Of Fleas and Fleadom, A Tale of Two Vermin (2014)
Reviewed By: Avraham Azrieli
Avraham Azrieli writes books and screenplays. His website is: www.AzrieliBooks.com

This intricate story, which is categorized by its creators as a “Graphic Epic Poem,” combines prose and illustrations to seamlessly deliver a truly touching tale of adventure, suspense and humor.

Exploring humanlike notions of quality of life and disruption, personal security and risk, skin-of-your-teeth survival and disaster, intimate love and faith, it tells the story of Finnigan T. Flea as he travels through a life filled with all of the above—and more. The title of Chapter Four defines it best: “Paradise Gained, Paradise Lost.” And then gained and lost again. And again.

Telling a story from the point of view of an animal is not a novel concept, but doing it well is a great achievement. Besides, featuring a flea (in an epic story, no less) is truly creative—and often uproaringly funny. Moreover, reaching for an authentic voice is a high bar, which this unique book achieves with flying colors.

The story is told in prose arranged like a string of poems, intertwined with magnificent illustrations that compound the drama. In fact, the harrowing events are communicated to the reader with a lively mix of words and images that merge to communicate as one. The story is nicely divided into scenes and chapters, its poetic stride accomplished without diminishing from the steady pace of narrative suspense and the characters’ emotional highs and lows.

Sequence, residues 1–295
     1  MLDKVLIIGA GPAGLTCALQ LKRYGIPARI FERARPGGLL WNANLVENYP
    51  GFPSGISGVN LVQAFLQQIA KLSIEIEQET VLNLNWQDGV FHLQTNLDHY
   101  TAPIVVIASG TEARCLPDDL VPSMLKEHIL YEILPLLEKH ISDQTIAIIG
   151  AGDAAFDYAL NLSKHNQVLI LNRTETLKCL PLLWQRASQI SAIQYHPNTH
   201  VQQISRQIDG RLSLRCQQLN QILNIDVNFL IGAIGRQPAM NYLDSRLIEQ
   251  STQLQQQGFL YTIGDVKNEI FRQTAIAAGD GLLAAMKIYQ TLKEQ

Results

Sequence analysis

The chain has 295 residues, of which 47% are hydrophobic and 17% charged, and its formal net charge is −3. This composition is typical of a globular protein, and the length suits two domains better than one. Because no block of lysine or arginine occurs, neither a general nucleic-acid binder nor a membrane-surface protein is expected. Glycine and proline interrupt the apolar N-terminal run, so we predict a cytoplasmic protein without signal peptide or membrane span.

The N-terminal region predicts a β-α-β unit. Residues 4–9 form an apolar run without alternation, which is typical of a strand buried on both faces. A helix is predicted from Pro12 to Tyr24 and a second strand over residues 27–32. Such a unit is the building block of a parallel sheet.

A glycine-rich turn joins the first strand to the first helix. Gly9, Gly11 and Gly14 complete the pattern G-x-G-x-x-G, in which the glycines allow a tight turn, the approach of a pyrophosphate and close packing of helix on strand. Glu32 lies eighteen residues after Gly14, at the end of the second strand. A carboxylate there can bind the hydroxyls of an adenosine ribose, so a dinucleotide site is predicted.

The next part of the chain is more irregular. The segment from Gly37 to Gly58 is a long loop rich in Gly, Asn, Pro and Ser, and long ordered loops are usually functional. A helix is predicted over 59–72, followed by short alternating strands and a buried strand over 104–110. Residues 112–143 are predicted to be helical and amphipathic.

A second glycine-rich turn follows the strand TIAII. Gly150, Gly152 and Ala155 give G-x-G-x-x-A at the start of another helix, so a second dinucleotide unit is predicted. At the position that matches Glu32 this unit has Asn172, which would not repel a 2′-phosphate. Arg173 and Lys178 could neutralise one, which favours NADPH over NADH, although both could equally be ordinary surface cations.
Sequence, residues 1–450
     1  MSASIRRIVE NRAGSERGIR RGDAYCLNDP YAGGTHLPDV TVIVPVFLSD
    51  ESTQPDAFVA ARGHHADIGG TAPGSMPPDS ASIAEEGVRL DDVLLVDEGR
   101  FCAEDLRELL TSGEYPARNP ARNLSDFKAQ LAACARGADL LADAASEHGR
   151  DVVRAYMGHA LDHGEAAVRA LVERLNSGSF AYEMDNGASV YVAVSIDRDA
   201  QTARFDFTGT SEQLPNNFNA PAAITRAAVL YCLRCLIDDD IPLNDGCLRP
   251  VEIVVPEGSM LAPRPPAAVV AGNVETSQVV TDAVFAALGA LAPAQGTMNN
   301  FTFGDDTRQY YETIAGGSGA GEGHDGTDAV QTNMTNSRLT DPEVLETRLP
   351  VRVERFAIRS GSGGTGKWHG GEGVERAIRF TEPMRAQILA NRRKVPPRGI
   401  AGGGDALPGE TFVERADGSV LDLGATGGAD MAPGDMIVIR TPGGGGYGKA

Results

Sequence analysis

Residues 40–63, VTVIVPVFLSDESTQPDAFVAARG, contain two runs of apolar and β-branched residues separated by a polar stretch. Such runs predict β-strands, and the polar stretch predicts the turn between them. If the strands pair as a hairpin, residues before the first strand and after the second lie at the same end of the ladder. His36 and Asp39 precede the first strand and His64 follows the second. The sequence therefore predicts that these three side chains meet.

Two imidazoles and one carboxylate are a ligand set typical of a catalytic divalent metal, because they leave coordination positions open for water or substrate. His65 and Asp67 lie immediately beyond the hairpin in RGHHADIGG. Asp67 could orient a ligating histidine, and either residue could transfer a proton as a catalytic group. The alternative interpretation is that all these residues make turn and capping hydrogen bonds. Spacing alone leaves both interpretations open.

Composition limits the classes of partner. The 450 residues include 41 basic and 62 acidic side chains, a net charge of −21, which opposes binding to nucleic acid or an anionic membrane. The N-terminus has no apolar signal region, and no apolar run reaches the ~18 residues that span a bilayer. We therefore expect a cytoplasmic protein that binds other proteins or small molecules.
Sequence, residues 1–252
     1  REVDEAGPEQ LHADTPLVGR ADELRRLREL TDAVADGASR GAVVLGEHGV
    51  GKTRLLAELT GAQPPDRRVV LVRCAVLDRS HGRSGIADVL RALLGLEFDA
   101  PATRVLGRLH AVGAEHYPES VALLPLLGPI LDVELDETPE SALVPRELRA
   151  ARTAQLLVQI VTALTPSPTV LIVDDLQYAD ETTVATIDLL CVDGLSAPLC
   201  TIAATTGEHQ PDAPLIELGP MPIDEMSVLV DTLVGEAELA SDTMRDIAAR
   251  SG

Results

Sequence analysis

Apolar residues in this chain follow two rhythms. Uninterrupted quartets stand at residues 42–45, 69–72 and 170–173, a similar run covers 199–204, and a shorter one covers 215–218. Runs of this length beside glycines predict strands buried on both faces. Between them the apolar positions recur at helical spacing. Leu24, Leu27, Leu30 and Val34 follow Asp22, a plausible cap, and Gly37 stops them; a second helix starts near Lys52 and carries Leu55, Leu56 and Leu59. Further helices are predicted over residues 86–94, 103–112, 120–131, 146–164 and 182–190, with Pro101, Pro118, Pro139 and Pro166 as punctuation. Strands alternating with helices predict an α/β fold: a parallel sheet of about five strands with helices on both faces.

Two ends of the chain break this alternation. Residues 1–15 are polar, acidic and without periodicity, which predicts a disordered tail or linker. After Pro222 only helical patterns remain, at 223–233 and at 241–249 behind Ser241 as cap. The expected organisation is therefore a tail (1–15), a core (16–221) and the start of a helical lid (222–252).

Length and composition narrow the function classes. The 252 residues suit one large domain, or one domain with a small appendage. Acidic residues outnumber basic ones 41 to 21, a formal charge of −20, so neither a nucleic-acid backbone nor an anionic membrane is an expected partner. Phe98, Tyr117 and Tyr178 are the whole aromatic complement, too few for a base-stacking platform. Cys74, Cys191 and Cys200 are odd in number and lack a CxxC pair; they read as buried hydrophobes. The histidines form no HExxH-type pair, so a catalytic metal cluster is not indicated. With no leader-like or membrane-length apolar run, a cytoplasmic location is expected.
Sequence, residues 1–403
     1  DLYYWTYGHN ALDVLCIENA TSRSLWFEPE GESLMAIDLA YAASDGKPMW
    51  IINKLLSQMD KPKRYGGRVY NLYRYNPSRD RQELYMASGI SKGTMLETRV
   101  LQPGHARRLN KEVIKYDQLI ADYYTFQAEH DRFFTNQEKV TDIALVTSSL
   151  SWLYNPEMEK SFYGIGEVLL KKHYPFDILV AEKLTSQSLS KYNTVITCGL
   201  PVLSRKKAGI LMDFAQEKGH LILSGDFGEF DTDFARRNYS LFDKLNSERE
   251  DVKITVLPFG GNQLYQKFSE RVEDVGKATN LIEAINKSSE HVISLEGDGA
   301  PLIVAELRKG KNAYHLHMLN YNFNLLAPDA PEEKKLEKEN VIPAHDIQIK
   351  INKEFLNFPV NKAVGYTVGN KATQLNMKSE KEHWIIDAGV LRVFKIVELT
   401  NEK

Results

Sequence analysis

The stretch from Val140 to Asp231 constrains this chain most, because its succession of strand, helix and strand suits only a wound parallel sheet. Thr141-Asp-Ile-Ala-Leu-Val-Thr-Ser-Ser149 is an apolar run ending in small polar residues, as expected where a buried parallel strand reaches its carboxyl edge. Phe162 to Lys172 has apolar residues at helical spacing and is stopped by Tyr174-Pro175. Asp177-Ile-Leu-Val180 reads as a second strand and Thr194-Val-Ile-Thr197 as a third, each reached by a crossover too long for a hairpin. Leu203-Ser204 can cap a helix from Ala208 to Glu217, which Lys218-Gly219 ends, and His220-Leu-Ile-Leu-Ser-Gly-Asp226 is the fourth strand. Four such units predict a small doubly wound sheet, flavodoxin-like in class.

In essence, the hero wonders about the mother of all existential questions: “As he settled on his new found hide, he wondered about freedom, about how to decide what that really was for a flea.” And, as each of us, human readers, leap from rock to rock down the treacherous river of our own life, don’t we often ask the same question?

To sum it all up, this original, creative work is unusually clever, really funny and emotionally stirring. Highly recommended!